5. Erin Gruwell in Freedom Writers (2007). What is remarkable about Gruwell's work is that she was not about bringing something new to the students, but teaching them to use what they already have and know to transform their own lives. This is the business of a writer; whatever their apparent subject matter, their actual subject is the self. The film, as a narrative film must do, shapes its subject matter in dramatic fashion, but nothing essential was altered.

6. Anne Sullivan in The Miracle Worker (1962). Let us say first that, while the Internet Movie Database lists three film adaptations of the William Gibson play, there is truly only one, the original with Anne Bancroft and Patty Duke. I saw this film in its initial release--one of my earliest movie memories, and the breakfast table battle sequence is seared in my memory. (I am privileged to teach the play in my freshman English classes.) Anne brings two gifts to her student: vision--the vision to see that there is a person inside that thrashing, destructive shell; and, again, stubborness--the stubborness (more politely, patience) to cultivate that prisoner and put her in touch with the rest of the world.

7. Rafe Esquith in The Hobart Shakespeareans (2005). Here is another nut who thinks 5th graders are ready for Shakespeare. If you don't believe it, you can see them performing Hamlet in this film. And the kids in question are from neighborhoods adjacent to those tough places in Los Angeles the Freedom Writers come from.

8. Leonard Bernstein on Omnibus. If anyone exemplifies the now-disfavored "sage on the stage" mode of teaching, it is Bernstein. The controversy goes on as to Bernstein's place in the musical firmament of the 20th century, but their can be no question that he was one of the finest teachers to be captured on film or tape. His great gift is being able to explain purely musical ideas to people without musical training. This requires the ability to get into another person's head, a person utterly different from yourself. Bernstein was always in touch with the universality of human life--a super-empathy appropriate for a super-teacher.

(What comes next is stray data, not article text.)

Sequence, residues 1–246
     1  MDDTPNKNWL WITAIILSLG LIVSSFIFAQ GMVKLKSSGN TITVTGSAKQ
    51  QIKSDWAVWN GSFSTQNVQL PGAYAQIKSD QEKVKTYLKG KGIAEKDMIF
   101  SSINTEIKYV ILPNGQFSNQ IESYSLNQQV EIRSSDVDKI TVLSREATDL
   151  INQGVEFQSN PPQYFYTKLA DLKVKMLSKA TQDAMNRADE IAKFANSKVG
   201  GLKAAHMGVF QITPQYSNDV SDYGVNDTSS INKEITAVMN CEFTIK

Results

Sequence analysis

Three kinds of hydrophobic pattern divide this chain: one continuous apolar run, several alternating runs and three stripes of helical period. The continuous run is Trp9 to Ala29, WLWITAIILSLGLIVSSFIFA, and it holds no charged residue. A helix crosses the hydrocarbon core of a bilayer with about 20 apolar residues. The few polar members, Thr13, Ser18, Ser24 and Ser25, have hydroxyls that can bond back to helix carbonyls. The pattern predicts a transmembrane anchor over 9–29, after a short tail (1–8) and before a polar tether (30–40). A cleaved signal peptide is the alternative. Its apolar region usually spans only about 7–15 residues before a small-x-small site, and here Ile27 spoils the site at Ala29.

9. Richard Feynman in The Pleasure of Finding Things Out. One of the most significant physicists of the 20th century, Feynman had a reputation as "The Great Explainer." He believed that if a principle could not be explained in a freshman-level survey course, the principle was not fully understood. (He and Bernstein could have been buddies--especially since they were both Jewish New Yorkers!) Also Feynman brought an insatiable curiosity to everything. This is a guy who would take constant readings to find out at what temperature Jello set, or whether he would count to himself faster if his heart beat faster. Every man, woman and child, whether a science buff or not, should read Surely You're Joking, Mr. Feynman. By law.

So what are the qualities we value in our movie teachers? Patience, persistence, curiosity, empathy, being student-oriented and instinctively setting real-world [i.e., authentic] tasks for students to accomplish.

Perhaps in a later post, we'll look at Bad Movie Teachers...

Wednesday, December 9, 2009

Heisenberg comes to English Class

I know you all recognize this diagram as a demonstration of the Uncertainty Principle, a concept which guides my life, especially before 9:00 AM and my second cup of coffee.

It is true, I can qualify as a genuine Vague Scientist who spouts science stuff he heard on NPR which neither he nor the radio reporter really understands. And while I cannot wrap my brain around the mathematics of Uncertainty (you can click the picture to expand it and read it more easily), the essential metaphoric truth of it is crystal clear to anyone who has spent any time constructing or deconstructing narrative, to wit: The act of observing something changes the nature of the thing observed. (It also states that you can know where something is going and how fast, but never know both exactly at the same time. This applies to my students most of the time.)